CalPERS contribution rates will rise more than nine percent, a move that experts project will cost state and school districts more than half a billion dollars.
Last year, CalPERS (California Public Employees’ Retirement System) agreed to incrementally increase its rates, and earlier this week, the board’s administration committee recommended even higher rates for the upcoming year.
“As the fund matures, and the retired population grows, it’s important that the rates reflect the changing demographics of our members,” said committee chairman Richard Costigan in a prepared statement.
The Sacramento Bee reported earlier this week, “The state’s annual contribution would increase by $487 million, to $4.75 billion, an increase of about 11 percent. The contribution from school districts would increase approximately 9 percent, or $111 million, to a total of $1.34 billion a year. California teachers have their own pension fund, but school employees other than teachers get their retirement plans from CalPERS.”
Cities are not out of the woods either, as the CalPERS board will vote in the fall on higher rates for participating cities, counties and local government agencies. Those rates would take place in July 2016.
Analysts fear that rising pension costs are threatening municipal services in California, and, with rate hikes on the horizon, the problem is threatening to get worse in the short term.
Locally, the city has put on hiatus for now plans to introduce a parcel tax to deal with crumbling road infrastructure. In the short term, the city has pushed about $4 million annually into roads from the general fund. But it is increasingly apparent that, while Davis’ roadways are somewhat worse than state average, this is a statewide problem.
Back at the end of February, the Field Poll found that “California voters strongly believe that state and local governments should be spending more money to improve the conditions of its roadways. By a 71% to 14% margin voters want more not less funds to go to the maintenance of existing roads. Voters also favor more spending on new road construction, but by a narrower 48% to 35% margin.”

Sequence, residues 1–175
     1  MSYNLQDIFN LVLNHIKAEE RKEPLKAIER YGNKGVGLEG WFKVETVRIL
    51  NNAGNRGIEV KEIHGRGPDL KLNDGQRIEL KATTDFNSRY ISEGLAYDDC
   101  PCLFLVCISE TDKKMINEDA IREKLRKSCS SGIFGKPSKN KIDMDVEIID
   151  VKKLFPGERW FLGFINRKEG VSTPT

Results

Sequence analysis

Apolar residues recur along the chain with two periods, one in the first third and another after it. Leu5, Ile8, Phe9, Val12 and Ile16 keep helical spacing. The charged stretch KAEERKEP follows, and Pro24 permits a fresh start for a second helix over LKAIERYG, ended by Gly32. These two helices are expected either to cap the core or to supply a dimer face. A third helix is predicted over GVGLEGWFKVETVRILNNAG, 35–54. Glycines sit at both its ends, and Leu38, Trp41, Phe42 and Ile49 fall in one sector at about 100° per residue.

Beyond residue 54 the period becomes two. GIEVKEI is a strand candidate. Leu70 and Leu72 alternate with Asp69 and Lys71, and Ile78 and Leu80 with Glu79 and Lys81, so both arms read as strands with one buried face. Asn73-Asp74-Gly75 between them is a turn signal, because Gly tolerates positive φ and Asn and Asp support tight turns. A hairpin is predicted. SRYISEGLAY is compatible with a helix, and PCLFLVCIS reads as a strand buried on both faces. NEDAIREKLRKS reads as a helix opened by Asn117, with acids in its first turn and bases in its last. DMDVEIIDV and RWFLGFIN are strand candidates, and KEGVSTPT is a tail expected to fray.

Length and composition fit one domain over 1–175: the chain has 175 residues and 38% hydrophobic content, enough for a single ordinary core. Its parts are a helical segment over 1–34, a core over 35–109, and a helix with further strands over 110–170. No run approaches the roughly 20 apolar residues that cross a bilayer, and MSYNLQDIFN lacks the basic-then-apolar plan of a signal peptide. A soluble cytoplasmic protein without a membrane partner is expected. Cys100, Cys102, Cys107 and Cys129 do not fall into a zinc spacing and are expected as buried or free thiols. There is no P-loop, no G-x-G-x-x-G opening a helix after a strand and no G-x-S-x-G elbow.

However, the poll found there was no public consensus for how to pay for this. “When asked whether they would support increasing the state gasoline tax by 10 cents per gallon to improve the condition of state roads, voters are evenly divided, with 49% in favor and 48% opposed.”
Part of the problem is that voters already view tax levies on gas as higher than in most other states, by a 76% margin.
Back in late March, the League of California Cities issued a release indicating it had engaged in conversations with state and federal lawmakers about the condition of California’s local streets and roadways.
The discussion, based on the most recent biennial Local Streets and Roads Needs Assessment, which was released last October, showed that the average rating in California was 66. Locally, however, Davis was at 62 and rural Yolo County was already in the red.
The survey uses a four-tiered Pavement Condition Index (PCI) scale from zero to 100 to assess the conditions of local roads within California’s 58 counties.
“At first glance, the fact that the on-average rating for California’s local system is 66, just four points under what the study deems as good condition, does not appear to be alarming,” the League stated. “The reality is that the local roads are on a precipice.”
“Why are local transportation experts so worried about an average pavement condition of 66?” they ask rhetorically. “This number is significant because the cost of repairing roads that slip any farther grows exponentially. The local system in 2008 ranked 68 and in the six years following the first assessment conditions slowly dropped two points. Transportation experts warn, however, that pavement condition deteriorates much more rapidly after this point in the life cycle of pavement condition.”
They continue, “This illustration shows very plainly the costs to maintain roads (per square yard) over the course of this life cycle. When conditions dip much farther under current conditions, the cost to repair and maintain these roads dramatically increases. For example, roads with a PCI ranking between 70 and 50 cost $15-$20 per square yard to maintain, but the amount doubles to $30-$40 for road conditions with PCIs in a range of 50-25.”
The League concludes, “The 2014 Local Streets and Roads Needs Assessment found that currently local agencies receive just half the revenue needed to maintain the local system. Investments must be made to the system that comprises more than 80 percent of California’s roadways because time is running out for the roads beneath our feet and wheels.”
Every time that CalPERS increases the rates, it takes half a million to a million out of the local funding that could go to pay for roads or other infrastructure.
—David M. Greenwald reporting